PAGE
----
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May 10, 1991

May 10, 1991

The Hockey News has been providing the most comprehensive coverage of the world of hockey since 1947. In each issue, you'll find news, features and opinions about the NHL and leagues across North America and the world.

THE NHL

AGENT FOUR ITS TO

rowing up in tiny Carman, Man…elfour dreamed of being a Chicago hawk. Now that he is, Belfour in-one. fact he officially becomes a free, Belfour expects to be back in a form next season. ill be a Group II free agent, mcanks will have the right to match any they lose Belfour. compensation 100,000 and either two first-round Bn the top seven choices or five first- to stay here and be a Blackhawk.” d. “This is where I got my start. ht be along slowly and showed a lot ce in me. They didn’t trade me.” was the biggest bargain in the NHL at a salary of $120,000. (Only Stu $100,000 made less among the elfour more than earned his salary, league with 43 wins and a 2.47 Bist average. He has already…

THE NHL

COURAGEOUS SANDSTROM CAN’T STOP GUSHING OILERS

It wasn’t supposed to end this way for the Los Angeles Kings. Buoyed by the first regularseason title in their 24-year history, the Kings had planned on extending their post-season into May after failing to advance beyond the second round of the Stanley Cup playoffs in six previous trips. Make it seven. Even the surprising and courageous return of right winger Tomas Sandstrom to the lineup only six days after fracturing the femur bone near his right knee wasn’t enough for the Kings to get past the Edmonton Oilers in the Smythe Division championship series. A 4-3 overtime loss in Edmonton April 28 eliminated them from the series, four games to two. It was their eighth consecutive second-round road loss since a 3-2 overtime win in Vancouver April 16, 1982. The Kings took little solace in…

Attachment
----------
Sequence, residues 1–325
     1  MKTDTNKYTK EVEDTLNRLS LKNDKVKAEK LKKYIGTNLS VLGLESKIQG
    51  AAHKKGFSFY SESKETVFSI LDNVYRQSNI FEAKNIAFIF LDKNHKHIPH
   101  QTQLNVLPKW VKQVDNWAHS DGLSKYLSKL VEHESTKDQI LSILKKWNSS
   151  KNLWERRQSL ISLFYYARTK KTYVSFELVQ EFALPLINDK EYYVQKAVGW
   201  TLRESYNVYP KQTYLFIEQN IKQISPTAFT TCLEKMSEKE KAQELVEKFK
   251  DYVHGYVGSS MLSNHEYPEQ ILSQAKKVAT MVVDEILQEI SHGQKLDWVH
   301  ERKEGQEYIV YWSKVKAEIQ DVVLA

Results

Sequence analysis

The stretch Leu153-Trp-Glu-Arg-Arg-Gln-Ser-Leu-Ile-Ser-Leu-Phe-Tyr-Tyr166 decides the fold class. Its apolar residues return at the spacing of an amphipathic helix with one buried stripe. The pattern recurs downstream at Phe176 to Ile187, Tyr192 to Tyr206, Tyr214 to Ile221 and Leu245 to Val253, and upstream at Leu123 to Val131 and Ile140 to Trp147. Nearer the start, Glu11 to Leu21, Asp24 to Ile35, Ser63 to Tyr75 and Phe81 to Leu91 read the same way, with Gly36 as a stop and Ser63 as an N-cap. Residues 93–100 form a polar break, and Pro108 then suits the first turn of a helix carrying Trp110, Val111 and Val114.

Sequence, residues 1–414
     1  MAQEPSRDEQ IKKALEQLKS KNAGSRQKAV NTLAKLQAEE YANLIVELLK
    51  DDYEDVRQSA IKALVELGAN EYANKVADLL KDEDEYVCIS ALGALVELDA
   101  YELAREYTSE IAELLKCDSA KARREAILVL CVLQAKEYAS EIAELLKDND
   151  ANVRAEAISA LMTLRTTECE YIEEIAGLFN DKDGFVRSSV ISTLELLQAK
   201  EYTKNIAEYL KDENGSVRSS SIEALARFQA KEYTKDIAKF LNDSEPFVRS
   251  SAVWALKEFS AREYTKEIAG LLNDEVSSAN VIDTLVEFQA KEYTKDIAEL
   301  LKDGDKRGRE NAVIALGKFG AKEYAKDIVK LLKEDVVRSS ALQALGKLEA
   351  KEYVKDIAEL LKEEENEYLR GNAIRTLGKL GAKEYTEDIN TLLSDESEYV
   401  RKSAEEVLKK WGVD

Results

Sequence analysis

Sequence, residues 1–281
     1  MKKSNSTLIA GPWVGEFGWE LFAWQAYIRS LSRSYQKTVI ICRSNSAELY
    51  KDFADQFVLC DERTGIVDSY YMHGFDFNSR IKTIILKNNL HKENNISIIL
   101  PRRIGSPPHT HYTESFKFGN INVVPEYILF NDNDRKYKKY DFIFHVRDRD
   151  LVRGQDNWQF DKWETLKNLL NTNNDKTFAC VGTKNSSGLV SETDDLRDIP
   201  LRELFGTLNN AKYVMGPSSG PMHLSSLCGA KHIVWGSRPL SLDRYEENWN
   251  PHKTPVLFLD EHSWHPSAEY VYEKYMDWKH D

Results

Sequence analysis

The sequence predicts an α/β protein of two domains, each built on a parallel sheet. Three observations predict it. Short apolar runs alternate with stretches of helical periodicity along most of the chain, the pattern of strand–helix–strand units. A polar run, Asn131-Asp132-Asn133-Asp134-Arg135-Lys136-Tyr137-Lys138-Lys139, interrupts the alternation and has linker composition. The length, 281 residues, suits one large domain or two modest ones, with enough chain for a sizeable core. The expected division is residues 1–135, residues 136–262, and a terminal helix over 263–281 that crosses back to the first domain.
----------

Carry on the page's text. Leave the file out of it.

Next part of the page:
IN THIS ISSUE

SPITFIRES CONSIDER FRONT-OFFICE MANOEUVRE

The Windsor Spitfires aren’t sure if a dismal end to a good season should to be enough to restructure the Ontario League team’s front office. The Spitfires improved from last place in the Emms Division in 1989-90 to fourth place (3329-4) this season, but team president Vince Bassman hardly gave coach Brad Smith and general manager Wayne Maxner a ringing endorsement. “We’re somewhat satisfied with the season we had,” Bassman said. “It’s true we moved from last to fourth and beat London (Knights, in the first round of the playoffs), but we’re not happy about losing four straight to Niagara Falls.” Smith’s two-year contract expires June 15. On occasions this season, Smith and Maxner had their differences and at one point, Maxner would monitor the team and Smith from directly behind the Windsor…

THE NHL

JANNEY CENTER OF CUP HOPE ATTENTION

For Craig Janney and the Boston Bruins, what a difference 48 hours made. As the Adams Division title series raced toward its dramatic Game 7 climax at Boston Garden April 29, Janney and his team went from terrible to terrific in Games 4 and 5. During this season’s playoff campaign, the level of Janney’s play has been a remarkably accurate barometer of teamwide success. When the 6-foot-1, 190-pound center scored at least one point in the Bruins’ first 12 playoff games, the team had a 6-0 record. But when the 23-year-old Hartford native failed to score, Boston had a disappointing 1-5 record. When the Montreal Canadiens routed the Bruins 6-2 in Game 4 of the Adams Division final at the Forum April 23, the Bruins were no match for the Habs in skill or…